Investors will also be watching closely to see whether Zuma, Mothlanthe and their allies hold onto tested Mbeki ministers and administrators or opt for sweeping changes on political grounds.

"An important test over the coming days will be the ability to keep cabinet ministers in place, ensuring not only policy continuity but service delivery -- a continued, effective government," said Razia Khan, regional head of research Africa at Standard Chartered.

There was also concern about a backlash from the Mbeki camp, after the Sunday Times reported some of his supporters may split from the ANC and contest elections as a breakaway party, leaving the ruling party to more radical elements. However that could take time, and many analysts doubt it will happen at all.

Ironically, while the global financial crisis has broadly increased risk aversion, it could work in South Africa's favour, simply because investors are facing far bigger challenges elsewhere.

"There are bigger fish in the sea than our Zuma thing," said Paul Peter, a currency trader at ABN Amro in Johannesburg. "Every international investor knew that this would play out, it has just been fast forwarded."

(Additional reporting by Gordon Bell)

South Africa's ANC picks successor to Mbeki

(AFP) - - South Africa's ruling ANC on Monday named its deputy president Kgalema Motlanthe as head of state after Thabo Mbeki bowed to pressure and announced his resignation, a spokesman told AFP.

Motlanthe is to serve as head of state until elections are held in seven months' time.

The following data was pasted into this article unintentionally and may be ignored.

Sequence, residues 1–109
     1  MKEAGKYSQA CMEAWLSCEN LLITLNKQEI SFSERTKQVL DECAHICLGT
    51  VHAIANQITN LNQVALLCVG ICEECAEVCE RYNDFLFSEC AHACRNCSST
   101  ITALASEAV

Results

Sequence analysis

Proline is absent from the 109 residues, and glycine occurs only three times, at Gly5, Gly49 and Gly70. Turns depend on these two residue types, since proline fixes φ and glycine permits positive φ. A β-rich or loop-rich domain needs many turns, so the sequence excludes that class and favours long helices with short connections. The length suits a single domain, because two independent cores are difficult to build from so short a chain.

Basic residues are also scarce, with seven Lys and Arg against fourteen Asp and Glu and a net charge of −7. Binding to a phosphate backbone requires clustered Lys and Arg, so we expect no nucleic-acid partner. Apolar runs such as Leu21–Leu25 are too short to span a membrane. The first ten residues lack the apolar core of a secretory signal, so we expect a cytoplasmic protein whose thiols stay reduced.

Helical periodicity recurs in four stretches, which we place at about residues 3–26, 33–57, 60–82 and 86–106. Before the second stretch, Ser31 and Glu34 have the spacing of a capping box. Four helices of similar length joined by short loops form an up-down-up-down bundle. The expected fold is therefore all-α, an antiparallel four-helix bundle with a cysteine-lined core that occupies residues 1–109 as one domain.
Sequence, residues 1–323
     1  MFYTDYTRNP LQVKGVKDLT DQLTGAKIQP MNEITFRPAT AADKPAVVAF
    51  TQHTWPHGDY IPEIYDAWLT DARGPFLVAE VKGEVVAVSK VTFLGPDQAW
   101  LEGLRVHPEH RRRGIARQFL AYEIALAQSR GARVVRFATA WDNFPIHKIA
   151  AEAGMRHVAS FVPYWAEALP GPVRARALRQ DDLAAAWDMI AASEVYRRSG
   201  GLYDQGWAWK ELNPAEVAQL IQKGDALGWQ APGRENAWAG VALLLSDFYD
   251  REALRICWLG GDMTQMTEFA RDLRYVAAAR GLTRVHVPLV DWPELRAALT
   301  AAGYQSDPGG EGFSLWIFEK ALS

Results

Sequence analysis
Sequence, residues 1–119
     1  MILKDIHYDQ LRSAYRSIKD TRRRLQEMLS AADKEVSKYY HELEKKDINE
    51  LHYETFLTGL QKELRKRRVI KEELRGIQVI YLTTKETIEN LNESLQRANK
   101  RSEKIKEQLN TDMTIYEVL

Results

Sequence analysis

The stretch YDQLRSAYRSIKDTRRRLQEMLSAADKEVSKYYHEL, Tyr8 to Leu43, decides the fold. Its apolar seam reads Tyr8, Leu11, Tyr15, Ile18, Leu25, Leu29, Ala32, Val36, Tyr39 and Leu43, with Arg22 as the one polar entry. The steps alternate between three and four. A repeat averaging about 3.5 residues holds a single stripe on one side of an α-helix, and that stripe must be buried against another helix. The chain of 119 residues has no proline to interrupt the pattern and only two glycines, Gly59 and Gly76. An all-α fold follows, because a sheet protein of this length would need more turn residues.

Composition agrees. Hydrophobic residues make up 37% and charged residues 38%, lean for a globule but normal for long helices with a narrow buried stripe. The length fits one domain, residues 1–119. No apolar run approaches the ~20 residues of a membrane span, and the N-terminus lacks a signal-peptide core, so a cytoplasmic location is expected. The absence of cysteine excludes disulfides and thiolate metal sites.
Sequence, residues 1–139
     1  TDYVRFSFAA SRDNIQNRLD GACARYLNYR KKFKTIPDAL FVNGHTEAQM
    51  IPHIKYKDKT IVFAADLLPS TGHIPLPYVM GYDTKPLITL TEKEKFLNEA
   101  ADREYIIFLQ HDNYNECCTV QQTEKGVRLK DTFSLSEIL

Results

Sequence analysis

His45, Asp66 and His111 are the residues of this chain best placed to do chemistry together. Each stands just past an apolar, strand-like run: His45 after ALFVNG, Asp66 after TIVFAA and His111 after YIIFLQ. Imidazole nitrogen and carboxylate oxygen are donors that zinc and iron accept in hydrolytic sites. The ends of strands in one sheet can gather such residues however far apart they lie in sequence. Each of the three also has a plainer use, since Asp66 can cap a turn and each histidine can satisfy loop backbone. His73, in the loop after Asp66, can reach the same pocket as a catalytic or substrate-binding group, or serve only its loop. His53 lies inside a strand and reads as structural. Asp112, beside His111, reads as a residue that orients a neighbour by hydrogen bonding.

"Motlanthe will be the president, not interim, he will be the president of the republic until the election," spokesman for the ANC parliamentary caucus KK Khumalo said after a meeting between the party and lawmakers.

Mbeki announced in a live television address Sunday that he had tendered his resignation to speaker of parliament Baleka Mbete after his party called for him to step down in the interests of African National Congress unity.

He said he had tendered his resignation "effective from a day that will be determined by the national assembly."

Mbeki, 66, who succeeded Nelson Mandela as president in June 1999, has become the country's first democratically-elected president to be forced out of office before the end of his term.

South African newspapers saluted the outgoing president's dignified exit -- but had harsher words for the party that had sacrificed him.

"A defiant President Mbeki has bowed down from office, proclaiming his innocence while pledging loyaty to the organisation that unceremoniously ousted him as head of state," the Star newspaper reported.